rope together


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rope together

1. To lash or bind two or more people or things together with a rope or cord. A noun or pronoun can be used between "rope" and "together." The bank robbers roped the hostages together while they looted the vault. You'll want to rope together the various boxes so they don't shift around during transport.
2. To construct or hold together something with rope. A noun or pronoun can be used between "rope" and "together." We had to rope the machine together until we could take it to the mechanic to be repaired. We had to rope together a makeshift ladder to reach the top of the building.
3. To connect or tether two or more people, things, or animals together with a rope or cord. A noun or pronoun can be used between "rope" and "together." The rustlers roped the animals together in their pen and then loaded them into their truck. The guards roped together the inmates at the ankle
4. To gather multiple people together for some occasion, activity, or purpose, especially with a lot of effort or difficulty. A noun or pronoun can be used between "rope" and "together." It can be tricky roping family members together for special occasions, but it will help create bonds that keep you together through difficult times. Our company has been roping together people from a wide range of backgrounds and specialties to form a truly unique team.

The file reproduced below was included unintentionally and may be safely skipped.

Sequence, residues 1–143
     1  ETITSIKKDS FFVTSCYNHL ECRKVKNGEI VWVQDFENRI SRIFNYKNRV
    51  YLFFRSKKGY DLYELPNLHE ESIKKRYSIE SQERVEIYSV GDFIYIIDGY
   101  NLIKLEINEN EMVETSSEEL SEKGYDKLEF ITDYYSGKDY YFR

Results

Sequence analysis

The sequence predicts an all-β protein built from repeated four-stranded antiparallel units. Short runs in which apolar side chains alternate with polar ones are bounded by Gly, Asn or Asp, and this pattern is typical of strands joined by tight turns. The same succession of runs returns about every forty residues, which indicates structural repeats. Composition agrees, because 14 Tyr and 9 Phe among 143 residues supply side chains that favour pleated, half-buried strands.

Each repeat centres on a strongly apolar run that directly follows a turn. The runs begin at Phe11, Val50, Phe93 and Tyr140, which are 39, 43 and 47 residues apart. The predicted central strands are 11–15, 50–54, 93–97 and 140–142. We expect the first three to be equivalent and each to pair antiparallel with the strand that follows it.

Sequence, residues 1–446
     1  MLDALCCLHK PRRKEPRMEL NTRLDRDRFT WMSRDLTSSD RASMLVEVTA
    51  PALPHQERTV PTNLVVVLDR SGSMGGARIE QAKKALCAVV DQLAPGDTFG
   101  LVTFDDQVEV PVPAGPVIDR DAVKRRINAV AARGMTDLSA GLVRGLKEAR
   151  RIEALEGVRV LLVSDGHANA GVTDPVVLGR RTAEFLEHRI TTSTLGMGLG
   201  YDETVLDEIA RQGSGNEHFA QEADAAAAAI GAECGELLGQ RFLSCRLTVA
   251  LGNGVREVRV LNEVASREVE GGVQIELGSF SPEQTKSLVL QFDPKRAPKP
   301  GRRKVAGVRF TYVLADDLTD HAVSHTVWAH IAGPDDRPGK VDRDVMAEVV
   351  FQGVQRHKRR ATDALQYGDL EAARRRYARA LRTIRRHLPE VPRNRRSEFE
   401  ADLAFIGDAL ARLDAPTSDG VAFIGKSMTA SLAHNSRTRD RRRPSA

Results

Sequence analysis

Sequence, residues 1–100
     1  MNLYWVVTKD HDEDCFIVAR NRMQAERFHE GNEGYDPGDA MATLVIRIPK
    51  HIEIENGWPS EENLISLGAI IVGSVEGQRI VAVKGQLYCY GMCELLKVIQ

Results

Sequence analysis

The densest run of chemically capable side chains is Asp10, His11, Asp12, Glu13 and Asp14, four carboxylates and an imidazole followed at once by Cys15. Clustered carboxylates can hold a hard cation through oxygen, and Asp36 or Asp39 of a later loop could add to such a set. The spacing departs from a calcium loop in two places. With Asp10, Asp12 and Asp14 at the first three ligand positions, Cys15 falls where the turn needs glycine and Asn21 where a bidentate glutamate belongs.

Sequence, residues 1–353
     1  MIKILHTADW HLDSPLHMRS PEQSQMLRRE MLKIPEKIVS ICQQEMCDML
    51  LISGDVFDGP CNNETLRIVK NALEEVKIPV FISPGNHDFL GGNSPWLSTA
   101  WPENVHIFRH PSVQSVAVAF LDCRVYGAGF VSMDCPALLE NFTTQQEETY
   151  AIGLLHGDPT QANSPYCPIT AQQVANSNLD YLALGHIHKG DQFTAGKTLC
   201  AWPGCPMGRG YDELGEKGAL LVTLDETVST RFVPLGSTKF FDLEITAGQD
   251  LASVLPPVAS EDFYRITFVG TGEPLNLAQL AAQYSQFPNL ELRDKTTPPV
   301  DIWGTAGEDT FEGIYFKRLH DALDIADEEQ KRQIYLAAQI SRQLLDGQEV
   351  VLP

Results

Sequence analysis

See also: rope, together

rope something together

to tie or bind up a thing or things with rope. Rope this carton together and put it in the trunk of the car. Rope together these two packages and take them to the truck.
See also: rope, together
References in periodicals archive ?
O'Malley said the unit was based on a pan-union and pan-professional partnership, and that Annals had been responsible for gathering the strands of the rope together to create something robust.
Climbers rope together for the summit approach, and in its worst year 40 people died on Rainier.
It had two big drawbacks: One, the grain would rope together as it rowed off of the straps of metal being pulled by the sickle bar.
It is impressive that Bradley is able to rope together references to Singin' in the Rain, German silent-film director F.
That knot is also used to join two ends of the same rope together to make a continuous loop, which you'll need to tie the Prusik Knot, easily the most elegant of the basic knots.
Nice touches include Anglade and Soo buoyantly jumping rope together and a genuinely funny scene in which a post-race official demands a heartier urine sample, proclaiming: "You must pee -- it's the law.